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The New Zealand Railways Magazine, Volume 4, Issue 11 (June 1, 1930)

Cheap Excursions By Rail

Cheap Excursions By Rail.

But the point of view he wished to bring out so far as the passenger business went was its commercial aspect. The position was well in hand, and the commercial competition with the railways in New Zealand was not growing to any material extent. The Department had instituted cheap excursions, which had saved the situation from the point of view of the railway passenger returns. It was almost a wholly new traffic, and the result had been that the passenger traffic had now assumed more substantial dimensions. It was certainly a “bread and butter” line, but from the point of view of service to the community it stood very high indeed. It was found to-day that the people whose pecuniary position was not strong and who were to a large extent crowded together in cities were now able, through the railways, to get out and have a breath of fresh air at a rate that was within their means and could not be given by any competitive form of transport. This was something for which the Department was entitled to credit, a credit that was by no means directly represented by the figures in the revenue account.—Mr. H. H. Sterling.

How Ledger Could Be Balanced.

It would be seen that those goods represented, approximately, 86 per cent. of the total that the railways carried. The revenue from these goods was £3,798,953, out of a total goods revenue of £4,898,391, or less than 78 per cent, of the total, so that while those low-rated goods represented 86 per cent, of the tonnage the revenue got from them represented 78 per cent, of the revenue. It would be clear to the members, therefore, that the other 14 per cent, should carry a margin on the rates which would enable the railways to catch up on the low-rate goods. The main point was this: that inasmuch as the low-rate goods represented such a large proportion of the total tonnage it would not be an impossible matter for the Railway Department to square its ledger by increasing the rate on those low - rate goods.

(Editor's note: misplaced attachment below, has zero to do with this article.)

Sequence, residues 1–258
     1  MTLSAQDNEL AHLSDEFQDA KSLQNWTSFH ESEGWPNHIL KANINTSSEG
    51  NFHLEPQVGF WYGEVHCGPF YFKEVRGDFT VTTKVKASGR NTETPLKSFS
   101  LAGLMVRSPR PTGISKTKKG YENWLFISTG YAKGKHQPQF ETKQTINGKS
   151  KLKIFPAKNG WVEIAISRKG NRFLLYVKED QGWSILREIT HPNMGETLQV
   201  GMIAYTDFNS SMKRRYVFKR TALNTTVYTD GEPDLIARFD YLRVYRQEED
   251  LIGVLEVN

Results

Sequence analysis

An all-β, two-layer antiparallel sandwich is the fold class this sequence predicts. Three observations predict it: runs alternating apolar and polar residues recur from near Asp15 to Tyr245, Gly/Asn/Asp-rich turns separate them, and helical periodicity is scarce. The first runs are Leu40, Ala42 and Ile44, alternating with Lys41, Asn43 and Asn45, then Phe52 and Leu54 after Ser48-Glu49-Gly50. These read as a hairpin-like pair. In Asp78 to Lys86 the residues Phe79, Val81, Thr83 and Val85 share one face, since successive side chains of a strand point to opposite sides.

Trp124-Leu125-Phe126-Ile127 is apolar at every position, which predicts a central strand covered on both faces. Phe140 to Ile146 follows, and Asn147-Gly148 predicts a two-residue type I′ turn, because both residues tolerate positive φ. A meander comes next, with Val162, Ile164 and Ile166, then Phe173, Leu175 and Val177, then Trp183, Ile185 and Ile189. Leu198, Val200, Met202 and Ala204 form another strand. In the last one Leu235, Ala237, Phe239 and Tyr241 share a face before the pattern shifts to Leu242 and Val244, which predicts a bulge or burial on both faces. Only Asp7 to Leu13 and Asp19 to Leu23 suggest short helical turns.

Reasons for Hesitation.

Why, then, did the Department hesitate? It hesitated for two reasons. The first was that, if it increased those rates to an extent that would balance the ledger, it would be collecting from the users of the railways more than a private company would collect—from this point of view: that inasmuch as the community was receiving a benefit through the developmental rates from the railway expenditure, the community as a whole and not the users of the railways, should pay for that. The community enjoyed the benefit and should pay something for that benefit, and the Department should not require to obtain more in the way of revenue from the customers than a private railway would do.

The second point was that the Department might find that an increase on those low-rate goods would not be in the best interests of the community.

The Equitable Course.

If a man was not willing to give the page 20 railways the capacity, by conveying his high-rate goods as they had done in the past, to continue carrying those low-rate goods, he was not entitled to stand in with his neighbour and enjoy the same rates on his low-rate goods as his neighbour. A great deal of reflection had led him to the conclusion that that was not only equitable as between individuals, but the best way in which the railway position could, apart from legislative action, be guided in this country along the lines of stopping the increase in the difference on account of revenue and expenditure.

The Matter of Expenditure.

When members of a Chamber of Commerce were considering, as taxpayers, or as shareholders of the railway concern, the question as to whether that deficit should be there or not, they, as business men, said: “Well, if the expenditure were less or the revenue more, that would mean at least that the deficit, to the extent that it is affected by either of these factors, would be lessened.”

They wished to know was the expenditure down where it ought to be and were the railways getting as much business as they ought to get by such methods as it was within the scope of the Department's authority to adopt. He could assure his hearers that the railways were being run as economically as the circumstances permitted. He had gone into this matter at considerable length in his last Annual Statement and he had placed definite costing figures before the public. He gave the statistics of railway operation which were there on record for perusal by anyone who might care to analyse them, and he had made an honest endeavour to give such explanations as would make the significance of the statistics manifest and enable anyone interested to get an intelligent grasp of them. endeavour to give such explanations as would make the significance of the statistics manifest and enable anyone interested to get an intelligent grasp of them.